The last time I heard drummer Jack DeJohnette, tenor saxophonist Ravi Coltrane and bassist Matt Garrison play, the trio did justice to the name of the Brooklyn venue hosting it (which is run by Garrison and his business partner, Fortuna Sung)—ShapeShifter Lab.
The music flowed morphed before us, changing hue and style and mood and form in often surprising ways. It sounded experimental in the best sense of the word—based on clear ideas and solid research but open to tinkering and unpredictable results.
The band returns to ShapeShifter for two shows on October 10.
This is a powerhouse band, led by one of the most kind-hearted and open-minded of jazz’s elder statesmen, DeJohnette, who at 73 is an NEA Jazz Master and a mentor to many. Continue reading “A Trio Bound By Intimate Connections, Unbound by Style: Jack DeJohnette, Ravi Coltrane & Matt Garrison”
Bassist Charlie Haden, who died a little more than a year ago, was a towering American musician and a powerful force in jazz history.
His best qualities—compassion, nuance, a love of melody, an unfailing sense of rhythm, a searching mind and a caring heart—were most clearly evident in his work in duets.
There was the last release before his death, the glorious “Last Dance,” with Keith Jarrett, drawn from the same 2007 sessions as the previous “Jasmine,” likely Haden’s last studio session. There were other duet classics, among them: “Soapsuds, Soapsuds,” with Ornette Coleman; “Steal Away,” with Hank Jones; “Night & the City,” with Kenny Barron; and “As Long As There’s Music,” with Hampton Hawes, who was among the first jazz musicians Haden connected with upon relocating to Los Angeles in the 1950s.
Now comes “Tokyo Adagio” (Impulse!/Universal Music Classics), a stunning recording that captures the magic between Haden and Rubalcaba, as recorded over several evenings in the spring of 2005 at the Blue Note Tokyo. Continue reading “Charlie Haden, Master of Duets, With A Beloved Musical Partner, Gonzalo Rubalcaba”
When John Zorn turned 60, in 2013, the musical celebrations honoring the composer and alto saxophonist spanned New York, with venues ranging from the Met Museum of Art and Lincoln Center Festival to the Stone, the East Village club Zorn founded in 2005.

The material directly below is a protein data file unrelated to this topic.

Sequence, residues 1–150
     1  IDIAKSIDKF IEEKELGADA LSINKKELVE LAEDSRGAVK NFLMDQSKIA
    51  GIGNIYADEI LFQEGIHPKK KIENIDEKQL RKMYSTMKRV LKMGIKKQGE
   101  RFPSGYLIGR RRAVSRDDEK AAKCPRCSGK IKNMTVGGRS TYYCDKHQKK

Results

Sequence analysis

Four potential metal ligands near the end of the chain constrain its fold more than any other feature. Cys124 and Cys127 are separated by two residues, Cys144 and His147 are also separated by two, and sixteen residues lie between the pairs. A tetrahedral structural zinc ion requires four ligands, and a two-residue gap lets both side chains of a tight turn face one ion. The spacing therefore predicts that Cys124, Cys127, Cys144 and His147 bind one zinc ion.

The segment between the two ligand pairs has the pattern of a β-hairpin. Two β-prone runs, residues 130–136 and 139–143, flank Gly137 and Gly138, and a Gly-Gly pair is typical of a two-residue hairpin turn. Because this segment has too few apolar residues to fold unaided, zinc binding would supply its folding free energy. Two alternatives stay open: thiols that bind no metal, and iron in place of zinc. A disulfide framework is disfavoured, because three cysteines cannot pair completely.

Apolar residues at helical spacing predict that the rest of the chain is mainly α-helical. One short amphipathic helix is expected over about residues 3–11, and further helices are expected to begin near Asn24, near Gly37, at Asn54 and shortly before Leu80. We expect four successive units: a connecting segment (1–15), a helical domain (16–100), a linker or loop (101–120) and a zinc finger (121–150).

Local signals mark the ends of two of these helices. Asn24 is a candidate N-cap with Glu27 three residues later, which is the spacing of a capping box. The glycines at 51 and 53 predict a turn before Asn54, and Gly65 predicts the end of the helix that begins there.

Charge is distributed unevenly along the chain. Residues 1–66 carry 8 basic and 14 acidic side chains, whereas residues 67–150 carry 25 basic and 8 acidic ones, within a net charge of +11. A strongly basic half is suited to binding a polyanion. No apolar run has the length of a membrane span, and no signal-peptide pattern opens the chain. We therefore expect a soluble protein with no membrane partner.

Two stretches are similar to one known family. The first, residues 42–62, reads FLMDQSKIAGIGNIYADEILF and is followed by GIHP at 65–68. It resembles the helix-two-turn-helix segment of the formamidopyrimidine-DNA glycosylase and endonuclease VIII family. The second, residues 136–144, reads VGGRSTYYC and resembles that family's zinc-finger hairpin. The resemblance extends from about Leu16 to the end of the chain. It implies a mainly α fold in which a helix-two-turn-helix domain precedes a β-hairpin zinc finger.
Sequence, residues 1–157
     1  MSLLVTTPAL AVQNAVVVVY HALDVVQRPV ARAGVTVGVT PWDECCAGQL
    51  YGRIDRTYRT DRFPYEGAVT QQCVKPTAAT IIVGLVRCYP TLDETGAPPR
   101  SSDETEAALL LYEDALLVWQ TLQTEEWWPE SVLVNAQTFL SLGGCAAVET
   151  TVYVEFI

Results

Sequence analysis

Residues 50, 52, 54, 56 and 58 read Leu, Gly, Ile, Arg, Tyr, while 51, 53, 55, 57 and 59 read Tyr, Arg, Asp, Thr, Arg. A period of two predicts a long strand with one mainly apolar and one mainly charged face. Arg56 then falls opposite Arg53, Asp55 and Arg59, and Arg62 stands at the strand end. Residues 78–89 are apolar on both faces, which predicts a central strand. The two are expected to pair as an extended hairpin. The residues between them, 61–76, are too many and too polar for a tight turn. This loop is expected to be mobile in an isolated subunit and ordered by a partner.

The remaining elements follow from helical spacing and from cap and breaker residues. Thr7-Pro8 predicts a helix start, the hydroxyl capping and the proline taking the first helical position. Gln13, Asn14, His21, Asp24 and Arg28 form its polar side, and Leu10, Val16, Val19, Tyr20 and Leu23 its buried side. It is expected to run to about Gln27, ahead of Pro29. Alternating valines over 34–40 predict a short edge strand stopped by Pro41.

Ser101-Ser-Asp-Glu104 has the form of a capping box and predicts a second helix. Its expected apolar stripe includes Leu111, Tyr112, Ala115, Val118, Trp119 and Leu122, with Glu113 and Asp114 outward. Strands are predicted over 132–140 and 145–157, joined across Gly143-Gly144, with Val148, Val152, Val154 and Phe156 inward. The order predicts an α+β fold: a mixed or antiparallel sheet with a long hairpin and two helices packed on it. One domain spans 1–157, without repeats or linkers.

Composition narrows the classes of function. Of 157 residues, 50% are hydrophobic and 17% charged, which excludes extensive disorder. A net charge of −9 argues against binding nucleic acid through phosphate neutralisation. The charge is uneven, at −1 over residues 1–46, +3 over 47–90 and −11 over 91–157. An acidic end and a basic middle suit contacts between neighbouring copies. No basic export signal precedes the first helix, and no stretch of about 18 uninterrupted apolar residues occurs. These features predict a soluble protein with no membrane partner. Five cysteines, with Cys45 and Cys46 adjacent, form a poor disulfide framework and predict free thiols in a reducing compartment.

Zorn’s music continues to saturate the city. Between now and Nov. 8, when Zorn concludes a six-night engagement leading five bands at the Village Vanguard jazz club, New Yorkers can choose from 30 different performances of his music. They include a “John Zorn Festival” within the inaugural programming at Brooklyn’s National Sawdust venue (Oct. 9 and 10; Oct. 30 and 31), and a solo recital by Mr. Zorn on the massive pipe organ at Manhattan’s St. Bartholomew’s Church (Oct. 30).
The first of these, four separate ensembles performing the premiere of new compositions for Zorn’s “Masada Book III, The Book Beriah” at Brooklyn’s Roulette, was the most stylistically varied, spiritually unified and lovingly presented night of music I’ve heard in quite some time. Continue reading “Another Tidal Wave of John Zorn's Music Hits New York City”
I don’t care much for jazz singing these days—precisely because I love jazz singing, and since too many vocalists seem as if beating dead horses or faking things with great competence.
Don’t get me wrong. Dee Dee Bridgewater, at 65, is her riveting and blues-drenched self, backed by the New Orleans Jazz Orchestra on the new CD “Dee Dee’s Feathers” (OKeh). Cassandra Wilson, 59, honored Billie Holiday’s centennial with subtlety and invention on last year’s “Coming Forth By Day” (Legacy). And on “Speaking in Tongues” (Sunnyside, due Sept. 18), Luciana Souza, 49, works as an equal improvising partner alongside stellar instrumentalists, singing wordlessly for the most part.